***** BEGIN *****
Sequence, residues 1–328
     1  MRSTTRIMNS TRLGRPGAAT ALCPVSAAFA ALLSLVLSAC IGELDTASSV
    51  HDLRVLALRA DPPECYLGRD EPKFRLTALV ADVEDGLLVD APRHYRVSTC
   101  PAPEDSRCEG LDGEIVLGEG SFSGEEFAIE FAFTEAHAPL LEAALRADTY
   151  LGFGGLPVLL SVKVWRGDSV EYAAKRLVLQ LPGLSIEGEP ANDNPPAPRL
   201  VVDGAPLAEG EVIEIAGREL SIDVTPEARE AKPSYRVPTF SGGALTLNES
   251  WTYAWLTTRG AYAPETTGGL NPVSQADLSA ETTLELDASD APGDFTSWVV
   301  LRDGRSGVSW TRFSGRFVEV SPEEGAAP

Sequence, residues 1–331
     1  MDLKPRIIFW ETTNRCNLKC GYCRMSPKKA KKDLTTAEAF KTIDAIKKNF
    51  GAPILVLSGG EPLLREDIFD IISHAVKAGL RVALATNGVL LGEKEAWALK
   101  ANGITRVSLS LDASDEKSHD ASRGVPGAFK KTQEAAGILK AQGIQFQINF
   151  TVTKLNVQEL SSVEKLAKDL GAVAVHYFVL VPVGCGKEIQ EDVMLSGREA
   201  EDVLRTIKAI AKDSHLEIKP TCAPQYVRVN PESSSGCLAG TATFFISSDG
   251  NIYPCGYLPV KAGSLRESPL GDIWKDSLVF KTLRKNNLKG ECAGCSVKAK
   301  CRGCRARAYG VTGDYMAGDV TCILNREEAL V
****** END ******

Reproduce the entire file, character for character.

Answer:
Sequence, residues 1–328
     1  MRSTTRIMNS TRLGRPGAAT ALCPVSAAFA ALLSLVLSAC IGELDTASSV
    51  HDLRVLALRA DPPECYLGRD EPKFRLTALV ADVEDGLLVD APRHYRVSTC
   101  PAPEDSRCEG LDGEIVLGEG SFSGEEFAIE FAFTEAHAPL LEAALRADTY
   151  LGFGGLPVLL SVKVWRGDSV EYAAKRLVLQ LPGLSIEGEP ANDNPPAPRL
   201  VVDGAPLAEG EVIEIAGREL SIDVTPEARE AKPSYRVPTF SGGALTLNES
   251  WTYAWLTTRG AYAPETTGGL NPVSQADLSA ETTLELDASD APGDFTSWVV
   301  LRDGRSGVSW TRFSGRFVEV SPEEGAAP

Sequence, residues 1–331
     1  MDLKPRIIFW ETTNRCNLKC GYCRMSPKKA KKDLTTAEAF KTIDAIKKNF
    51  GAPILVLSGG EPLLREDIFD IISHAVKAGL RVALATNGVL LGEKEAWALK
   101  ANGITRVSLS LDASDEKSHD ASRGVPGAFK KTQEAAGILK AQGIQFQINF
   151  TVTKLNVQEL SSVEKLAKDL GAVAVHYFVL VPVGCGKEIQ EDVMLSGREA
   201  EDVLRTIKAI AKDSHLEIKP TCAPQYVRVN PESSSGCLAG TATFFISSDG
   251  NIYPCGYLPV KAGSLRESPL GDIWKDSLVF KTLRKNNLKG ECAGCSVKAK
   301  CRGCRARAYG VTGDYMAGDV TCILNREEAL V